Basically this clever marketing exercise (which no doubt overcomes the #1 objection to Flash in many instances) raises more questions than it answers.

Update: See also Towards a Flash free YouTube killer...


  1. HTML 5 and Netbooks are not exclusive of Flash player. More netbooks = more Flash Player installs. I am tracking the details (desktops are not the endgame for Flash) but no the conclusion (Flash penetration is lowered by expanding its reach beyond Desktop)

    Thanks for turing off captcha and the follow

  2. if only ppl spent as many hours to browse the web on the mobile as on desktop computers

  3. Just because you got some numbers worked out and just because "you" think a whole lot of people access internet from the mobile phones doesn't mean this statistics is wrong. Anyone who have "ever" used the internet for more than 5 hours would have seen or installed the Flash player its so obvious. How many users do you think would have seen YouTube? All of them needed Flash Player. Go get your basics right kid !

    BTW, how much did M$ pay you for this?

  4. Last November Adobe announced a deal with ARM to optimize the Flash Player for ARM architecture, as part of the open screen project. Adobe is also working with Intel to optimize Flash for other existing and future chip architectures.

    As for all those iPhones and other internet mobile devices, it's true that a majority of them don't have Flash Player. Sometime Adobe is trying to change by working on a full Flash Player 10 to Android, Windows Mobile, Palm Pre and Symbian.

    However, on the flip-side if you look at various web analystics websites (take this as an example:
    http://marketshare.hitslink.com/operating-system-market-share.aspx?qprid=8 ), despite their numbers iPhones generally account for less than 1% of internet traffic. Despite all the internet enabled devices, people still use mainly desktop computers to view the web.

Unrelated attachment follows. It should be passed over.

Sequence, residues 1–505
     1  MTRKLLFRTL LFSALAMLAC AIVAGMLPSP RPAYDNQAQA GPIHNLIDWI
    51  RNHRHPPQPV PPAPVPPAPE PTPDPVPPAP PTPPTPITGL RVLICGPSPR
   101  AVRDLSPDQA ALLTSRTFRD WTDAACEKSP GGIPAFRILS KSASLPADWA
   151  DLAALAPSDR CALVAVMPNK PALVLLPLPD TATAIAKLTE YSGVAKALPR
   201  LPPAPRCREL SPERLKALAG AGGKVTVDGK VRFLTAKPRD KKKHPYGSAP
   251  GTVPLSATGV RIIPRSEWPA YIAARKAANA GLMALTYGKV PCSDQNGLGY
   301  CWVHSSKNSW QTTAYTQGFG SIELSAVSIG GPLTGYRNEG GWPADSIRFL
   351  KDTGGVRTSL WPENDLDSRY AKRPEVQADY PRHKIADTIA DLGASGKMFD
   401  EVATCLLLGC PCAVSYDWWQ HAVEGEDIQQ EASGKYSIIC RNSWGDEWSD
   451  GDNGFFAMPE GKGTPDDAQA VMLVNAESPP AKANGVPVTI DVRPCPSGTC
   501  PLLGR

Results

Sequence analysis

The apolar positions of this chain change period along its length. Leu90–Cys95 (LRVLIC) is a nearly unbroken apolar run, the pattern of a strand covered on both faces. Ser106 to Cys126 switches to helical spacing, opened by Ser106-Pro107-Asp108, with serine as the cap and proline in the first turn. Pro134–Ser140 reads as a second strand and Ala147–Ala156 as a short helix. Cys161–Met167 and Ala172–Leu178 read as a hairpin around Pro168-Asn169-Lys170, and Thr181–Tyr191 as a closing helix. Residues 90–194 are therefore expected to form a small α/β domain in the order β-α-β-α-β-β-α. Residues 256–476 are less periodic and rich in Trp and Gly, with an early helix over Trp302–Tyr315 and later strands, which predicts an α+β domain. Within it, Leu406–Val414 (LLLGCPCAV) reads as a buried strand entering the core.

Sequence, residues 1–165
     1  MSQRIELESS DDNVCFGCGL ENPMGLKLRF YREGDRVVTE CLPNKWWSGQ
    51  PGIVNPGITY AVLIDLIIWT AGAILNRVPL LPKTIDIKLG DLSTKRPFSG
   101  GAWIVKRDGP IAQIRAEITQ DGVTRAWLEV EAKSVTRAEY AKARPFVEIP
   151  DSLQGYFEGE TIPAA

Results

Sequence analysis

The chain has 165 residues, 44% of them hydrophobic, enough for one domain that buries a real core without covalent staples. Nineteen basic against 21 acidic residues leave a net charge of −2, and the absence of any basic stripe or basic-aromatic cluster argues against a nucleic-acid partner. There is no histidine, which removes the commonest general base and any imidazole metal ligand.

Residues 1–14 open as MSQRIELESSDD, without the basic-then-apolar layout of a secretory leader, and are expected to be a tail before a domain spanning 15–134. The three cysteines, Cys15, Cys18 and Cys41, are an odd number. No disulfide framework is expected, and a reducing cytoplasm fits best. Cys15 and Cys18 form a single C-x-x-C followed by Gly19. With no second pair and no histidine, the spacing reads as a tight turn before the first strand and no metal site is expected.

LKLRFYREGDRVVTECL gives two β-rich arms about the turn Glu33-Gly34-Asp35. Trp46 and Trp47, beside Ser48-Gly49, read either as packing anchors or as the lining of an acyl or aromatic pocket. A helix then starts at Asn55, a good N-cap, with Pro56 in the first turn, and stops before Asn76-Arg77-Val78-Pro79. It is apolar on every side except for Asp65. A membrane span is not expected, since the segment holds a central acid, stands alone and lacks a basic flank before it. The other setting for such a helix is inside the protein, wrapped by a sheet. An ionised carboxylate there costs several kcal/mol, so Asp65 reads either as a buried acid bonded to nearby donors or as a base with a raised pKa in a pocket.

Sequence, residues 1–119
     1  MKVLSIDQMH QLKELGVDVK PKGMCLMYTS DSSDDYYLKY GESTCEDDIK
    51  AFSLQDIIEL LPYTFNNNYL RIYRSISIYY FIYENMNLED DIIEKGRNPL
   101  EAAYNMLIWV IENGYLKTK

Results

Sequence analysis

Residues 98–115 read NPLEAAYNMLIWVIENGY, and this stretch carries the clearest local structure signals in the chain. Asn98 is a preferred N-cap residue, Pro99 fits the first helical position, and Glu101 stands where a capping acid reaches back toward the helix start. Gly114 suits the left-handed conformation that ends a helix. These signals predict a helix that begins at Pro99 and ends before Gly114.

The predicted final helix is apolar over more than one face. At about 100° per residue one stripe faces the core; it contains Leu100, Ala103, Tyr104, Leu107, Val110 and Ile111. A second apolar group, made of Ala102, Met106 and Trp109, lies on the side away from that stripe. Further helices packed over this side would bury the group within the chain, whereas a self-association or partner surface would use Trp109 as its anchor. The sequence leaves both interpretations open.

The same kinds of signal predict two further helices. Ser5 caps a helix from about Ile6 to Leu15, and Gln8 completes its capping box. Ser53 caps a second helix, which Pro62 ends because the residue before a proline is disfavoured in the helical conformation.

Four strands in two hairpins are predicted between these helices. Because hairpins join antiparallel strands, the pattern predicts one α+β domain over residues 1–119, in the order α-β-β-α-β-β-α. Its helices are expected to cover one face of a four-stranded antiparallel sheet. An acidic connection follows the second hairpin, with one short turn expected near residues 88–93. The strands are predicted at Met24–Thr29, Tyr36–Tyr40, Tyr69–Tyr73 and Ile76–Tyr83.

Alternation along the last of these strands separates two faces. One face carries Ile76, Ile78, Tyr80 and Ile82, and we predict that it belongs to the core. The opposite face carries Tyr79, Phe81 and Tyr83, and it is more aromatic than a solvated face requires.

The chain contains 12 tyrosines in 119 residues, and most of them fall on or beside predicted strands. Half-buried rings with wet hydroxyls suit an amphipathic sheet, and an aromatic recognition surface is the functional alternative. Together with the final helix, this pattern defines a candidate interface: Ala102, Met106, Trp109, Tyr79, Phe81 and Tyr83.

Meanwhile, the video tag is not going to take off without all the major browsers including a common video codex. Even if they all agree on the same codex, I think browsers installs move too slowly to ever properly deliver web video. Looking a how common IE 6 still is, generally it takes 5 or more years to turn over to a newer version. So now imagine using a codex from 2003 for a new website today, compared to a brand new optimized codex from a browser (if not Flash, Quicktime, or Silverlight or whatever).

  5. @David: The next wave of netbooks will be far more difficult to kit out and maintain now that we are moving away from WinTel.

    @Unreality: Mobile vs Desktop browsing is rapidly trending upward and it's anyone's guess as to where/when it will plateau out.

    @Anonymous Coward: iPhone users have YouTube without Flash. The claim that "Flash content reaches 99% of Internet viewers" is bunk - we're just not sure how far wrong it is.

    @Matthew: That may be so but Adobe have a hard enough time currently keeping up with a small handful of hardware/software combinations - with x86/x64/ARM/MIPS netbooks running a myriad operating systems it's going to get a *lot* harder... and that's without even thinking about how to keep it all secure.

    Also, the codecs need not necessarily be common as the sites could decide what to serve up depending on the user agent (eg Ogg vs H.264 vs Flash). If you saw "Safari on OS X" for example you could serve up a VIDEO tag with H.264 (or any other QuickTime supported codec) and if you saw "Firefox 3.1" on anything you could serve up a VIDEO tag with Ogg Theora.

  6. Forget about penetration and let's talk about the bastardization of JavaScript that is "ActionScript". From a software developer standpoint, Flash is everything but enticing. If Adobe thinks they are going to make every programmer learn their proprietary butchering of JavaScript, then they likely have some bad news ahead of them. Sure, the "designer" people who have been using Adobe tools for years will evangelize, and they might even be able to hack up spaghetti code to build some proof of concept eye candy. But how about the TONS of *developers and engineers* who cringe at the thought of using this technology for their entire application? This plays a HUGE part in the decision of a platform. If they want the support of the world of computer scientists and software engineers, they better figure out a way to satisfy these people.

    Penetration stats are basically meaningless in my opinion, it's just a pissing match between the vendors. Now, platform support is not meaningless. But as long as the VM runs on the major OS's and hardware, the percentage of devices running the software at any given time isn't all that important. All it takes is an app like YouTube to completely change that, literally overnight. As of right now, let's be honest, Flash's success is due to 1 thing: video streaming.